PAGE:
The exhibit, which will run from December 21 through March 1, will explore Perales’ early life and family, his political life and diplomatic service, and his lifelong crusade against discrimination against Mexican Americans. The conference on January 13 will feature scholarly presentations covering a variety of topics related to Perales and his work.

All four videos can be viewed from the web page or via this YouTube playlist, and more information about the Alonso S. Perales Papers can be found in the finding aid.

Guest Post: Intern Applies Insights to Houston Hip Hop

categories: Exhibits, Guest Posts, Houston Hip Hop

Janai Smith, today’s guest writer, was the first Special Collections intern in a new partnership with African American Studies. Throughout the Fall semester she worked on the exhibit DJ Screw and the Rise of Houston Hip Hop as well as contributing to other projects related to Houston Hip Hop. Janai will graduate from the University of Houston in 2012. 

For the past four months I have spent at least one day a week in the Special Collections department of the library. It has been an experience to say the least.  This internship is not a mere paper pushing job, as some may assume, but a chance to be a part of the process of collecting and disseminating the beauty of history and all it has to offer.  In the world of online searches and “remote controlled research”, the importance of the tangible parts of history often get overlooked and sometimes lost.

African American Studies intern Janai Smith spent the fall semester working on the upcoming exhibit, DJ Screw and the Rise of Houston Hip Hop.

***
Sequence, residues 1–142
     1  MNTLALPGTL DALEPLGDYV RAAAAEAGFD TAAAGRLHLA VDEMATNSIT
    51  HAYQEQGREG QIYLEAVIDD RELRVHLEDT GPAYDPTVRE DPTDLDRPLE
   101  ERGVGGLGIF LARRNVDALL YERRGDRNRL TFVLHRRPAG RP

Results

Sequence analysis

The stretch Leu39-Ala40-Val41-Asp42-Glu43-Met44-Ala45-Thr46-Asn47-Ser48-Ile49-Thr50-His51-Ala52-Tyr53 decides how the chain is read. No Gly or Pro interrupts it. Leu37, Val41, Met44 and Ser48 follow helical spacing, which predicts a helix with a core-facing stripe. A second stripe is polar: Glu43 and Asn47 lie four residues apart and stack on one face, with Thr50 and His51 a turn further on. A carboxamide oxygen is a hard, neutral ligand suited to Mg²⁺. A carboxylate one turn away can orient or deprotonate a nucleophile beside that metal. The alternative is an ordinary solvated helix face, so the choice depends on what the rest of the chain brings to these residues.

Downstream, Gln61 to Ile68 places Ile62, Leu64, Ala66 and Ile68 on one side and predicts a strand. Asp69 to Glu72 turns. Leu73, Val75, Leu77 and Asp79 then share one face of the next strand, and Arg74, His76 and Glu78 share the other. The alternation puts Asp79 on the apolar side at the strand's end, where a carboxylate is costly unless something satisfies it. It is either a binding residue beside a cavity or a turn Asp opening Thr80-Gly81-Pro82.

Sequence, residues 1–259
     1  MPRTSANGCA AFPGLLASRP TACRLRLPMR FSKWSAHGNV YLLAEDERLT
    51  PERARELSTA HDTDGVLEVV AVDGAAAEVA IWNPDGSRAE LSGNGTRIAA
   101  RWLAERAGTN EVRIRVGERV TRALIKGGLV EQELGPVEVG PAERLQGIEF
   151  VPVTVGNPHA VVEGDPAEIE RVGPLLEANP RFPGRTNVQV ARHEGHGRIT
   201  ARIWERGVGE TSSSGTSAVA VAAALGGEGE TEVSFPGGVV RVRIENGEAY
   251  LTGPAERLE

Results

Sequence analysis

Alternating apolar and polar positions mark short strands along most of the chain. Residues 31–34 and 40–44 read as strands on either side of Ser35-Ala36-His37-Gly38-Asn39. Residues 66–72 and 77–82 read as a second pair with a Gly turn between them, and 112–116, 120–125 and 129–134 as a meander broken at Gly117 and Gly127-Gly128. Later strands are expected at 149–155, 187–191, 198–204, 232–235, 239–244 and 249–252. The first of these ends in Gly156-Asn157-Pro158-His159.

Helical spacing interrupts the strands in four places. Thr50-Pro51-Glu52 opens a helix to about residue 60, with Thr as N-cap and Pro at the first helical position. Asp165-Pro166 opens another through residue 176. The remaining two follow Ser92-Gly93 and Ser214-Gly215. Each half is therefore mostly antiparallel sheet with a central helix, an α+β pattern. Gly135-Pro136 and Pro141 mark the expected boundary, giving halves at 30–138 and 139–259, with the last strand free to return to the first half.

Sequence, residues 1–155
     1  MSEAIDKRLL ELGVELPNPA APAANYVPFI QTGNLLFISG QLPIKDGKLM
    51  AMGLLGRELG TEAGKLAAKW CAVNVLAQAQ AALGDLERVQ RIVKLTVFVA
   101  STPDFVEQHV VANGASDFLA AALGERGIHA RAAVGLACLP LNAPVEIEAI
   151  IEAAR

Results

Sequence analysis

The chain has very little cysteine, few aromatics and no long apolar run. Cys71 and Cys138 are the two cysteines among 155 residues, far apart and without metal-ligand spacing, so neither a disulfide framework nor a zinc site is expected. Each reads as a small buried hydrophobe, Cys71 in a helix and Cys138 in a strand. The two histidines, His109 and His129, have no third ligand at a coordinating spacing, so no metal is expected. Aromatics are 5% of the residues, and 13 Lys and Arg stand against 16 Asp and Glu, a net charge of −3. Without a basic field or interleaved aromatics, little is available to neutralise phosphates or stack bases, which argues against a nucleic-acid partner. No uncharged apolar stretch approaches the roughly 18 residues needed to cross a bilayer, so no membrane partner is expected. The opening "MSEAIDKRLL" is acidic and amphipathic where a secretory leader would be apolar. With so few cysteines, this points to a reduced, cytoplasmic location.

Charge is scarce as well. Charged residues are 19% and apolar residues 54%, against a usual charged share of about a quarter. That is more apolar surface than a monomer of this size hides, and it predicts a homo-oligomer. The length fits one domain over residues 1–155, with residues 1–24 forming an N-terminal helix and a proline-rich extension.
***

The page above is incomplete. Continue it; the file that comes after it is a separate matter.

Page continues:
One may read this and say to themselves that I am being “dramatic” or even just nostalgic but the truth is that DJ Screw was a major contributor to the hip hop culture of Houston, Texas. Historically, the contributions of African Americans to the “American” culture have been minimized to increases in crime rates, dangerous drug usage fads (i.e. sipping syrup), and other negative aspects that have been unfoundedly correlated with the hip hop culture. But this internship has allowed me to examine the hip hop culture, not only from the stand point of a fan but from an academic view.

As a psychology major I have learned that what appears on the outside is not necessarily a reflection of what is being felt on the inside and that a person’s life is affected by environment as much as it is by innate factors. Through this internship I have gotten a chance to get a more in-depth view of the lives of people who have influenced my life and the lives of my friends through their musical and lyrical expressions and will continue to do so for years to come; not just the commercialized part of their life that was formatted to be on display but also some of the private aspects that made them human.

This has been an enjoyable experience working with the staff of Special Collections as well as being able to be a contributing party to the preservation of a piece of my own culture and in a way being a part of the telling of my culture’s story.